His corruption of the treasury and industry was as bad as his human rights abuses. He was known to take revenue from the Liberian logging industry. He used that money not only for his own gain but to fund rebels in other states and to destabilize the region. The logging companies all paid funds to Taylor while also providing a way for him to smuggle arms into the country even after arms embargoes were imposed on Liberia. He was believed to have amassed of fortune of $100 million despite Liberia being a desperately poor country.

In 1999 as he was being accused of being a gun runner and a diamond smuggler. He was indicted on 11 counts of crimes against humanity and in 2003 he was asked to step down by President Bush and the international community. He was later convicted and sentenced to 50 years in prison.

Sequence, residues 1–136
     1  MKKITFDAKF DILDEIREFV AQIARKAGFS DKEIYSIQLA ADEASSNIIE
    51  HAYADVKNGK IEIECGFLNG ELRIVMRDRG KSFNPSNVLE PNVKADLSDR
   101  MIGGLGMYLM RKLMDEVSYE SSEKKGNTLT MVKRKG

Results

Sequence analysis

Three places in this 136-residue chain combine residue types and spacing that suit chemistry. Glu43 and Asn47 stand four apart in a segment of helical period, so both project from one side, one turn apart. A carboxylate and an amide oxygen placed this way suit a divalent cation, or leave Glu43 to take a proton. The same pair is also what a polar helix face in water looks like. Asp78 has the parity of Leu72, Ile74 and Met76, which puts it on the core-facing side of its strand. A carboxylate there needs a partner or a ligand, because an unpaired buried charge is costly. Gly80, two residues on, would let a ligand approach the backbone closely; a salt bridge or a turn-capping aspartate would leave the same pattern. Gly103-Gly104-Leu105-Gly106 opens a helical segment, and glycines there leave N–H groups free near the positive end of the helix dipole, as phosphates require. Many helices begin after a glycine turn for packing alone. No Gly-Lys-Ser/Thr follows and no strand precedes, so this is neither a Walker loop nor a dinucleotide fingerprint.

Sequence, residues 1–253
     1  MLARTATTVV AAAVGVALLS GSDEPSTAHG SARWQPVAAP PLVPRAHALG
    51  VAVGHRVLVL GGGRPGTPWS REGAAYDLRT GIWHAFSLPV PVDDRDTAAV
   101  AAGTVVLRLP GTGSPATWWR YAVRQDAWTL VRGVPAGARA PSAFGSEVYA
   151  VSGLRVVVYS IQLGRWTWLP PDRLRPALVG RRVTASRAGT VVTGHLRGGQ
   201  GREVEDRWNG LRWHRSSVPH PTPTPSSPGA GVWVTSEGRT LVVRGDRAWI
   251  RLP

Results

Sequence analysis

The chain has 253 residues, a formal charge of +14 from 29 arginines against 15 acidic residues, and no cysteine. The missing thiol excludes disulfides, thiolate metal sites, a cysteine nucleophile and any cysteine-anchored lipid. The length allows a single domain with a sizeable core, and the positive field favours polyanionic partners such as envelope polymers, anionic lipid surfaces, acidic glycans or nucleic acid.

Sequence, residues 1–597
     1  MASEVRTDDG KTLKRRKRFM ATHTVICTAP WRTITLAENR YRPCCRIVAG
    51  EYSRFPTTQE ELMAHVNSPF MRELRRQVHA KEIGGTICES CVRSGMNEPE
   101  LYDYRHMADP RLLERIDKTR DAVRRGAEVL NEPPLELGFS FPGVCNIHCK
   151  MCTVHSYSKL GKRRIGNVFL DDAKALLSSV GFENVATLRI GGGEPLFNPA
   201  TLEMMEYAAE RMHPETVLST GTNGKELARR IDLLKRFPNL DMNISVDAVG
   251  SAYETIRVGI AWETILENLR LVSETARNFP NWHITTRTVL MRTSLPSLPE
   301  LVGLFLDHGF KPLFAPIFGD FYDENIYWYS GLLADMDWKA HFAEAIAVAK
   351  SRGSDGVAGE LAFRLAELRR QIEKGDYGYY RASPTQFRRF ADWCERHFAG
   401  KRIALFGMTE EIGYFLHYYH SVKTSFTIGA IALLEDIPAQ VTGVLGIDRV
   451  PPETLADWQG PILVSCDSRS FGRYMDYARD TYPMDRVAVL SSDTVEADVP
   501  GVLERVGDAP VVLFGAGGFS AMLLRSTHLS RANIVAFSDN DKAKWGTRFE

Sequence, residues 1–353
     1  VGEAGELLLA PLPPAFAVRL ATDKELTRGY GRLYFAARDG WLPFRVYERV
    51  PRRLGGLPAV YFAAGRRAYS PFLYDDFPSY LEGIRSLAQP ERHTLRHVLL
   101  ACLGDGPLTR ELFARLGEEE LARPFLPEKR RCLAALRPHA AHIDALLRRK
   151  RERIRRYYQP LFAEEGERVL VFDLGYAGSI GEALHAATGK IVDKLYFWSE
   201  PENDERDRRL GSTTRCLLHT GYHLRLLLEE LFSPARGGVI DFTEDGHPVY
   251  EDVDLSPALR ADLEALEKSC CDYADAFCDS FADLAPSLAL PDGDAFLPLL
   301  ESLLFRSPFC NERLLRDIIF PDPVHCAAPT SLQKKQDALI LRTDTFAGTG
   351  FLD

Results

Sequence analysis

10 Most Corrupt African Dictators in Modern History

Mobutu Sese Seko of the Democratic Republic of the Congo

(1965 – 1997)

Mobutu Sese Seko was a leader that was able to bleed his country dry while still enjoying the support of countries like the United States because of his anti-communist stance. Mobutu Sese Seko led a coup d’état with the help of Belgium against the democratically elected president Patrice Lumumba. Patrice Lumumba was killed and Mobutu Sese Seko took over the role of army chief of staff in 1960. In 1965 he took power directly and declared himself leader of the Congo. He would later rename the country Zaire but it would become the Democratic Republic of the Congo when Mobutu was ousted from power.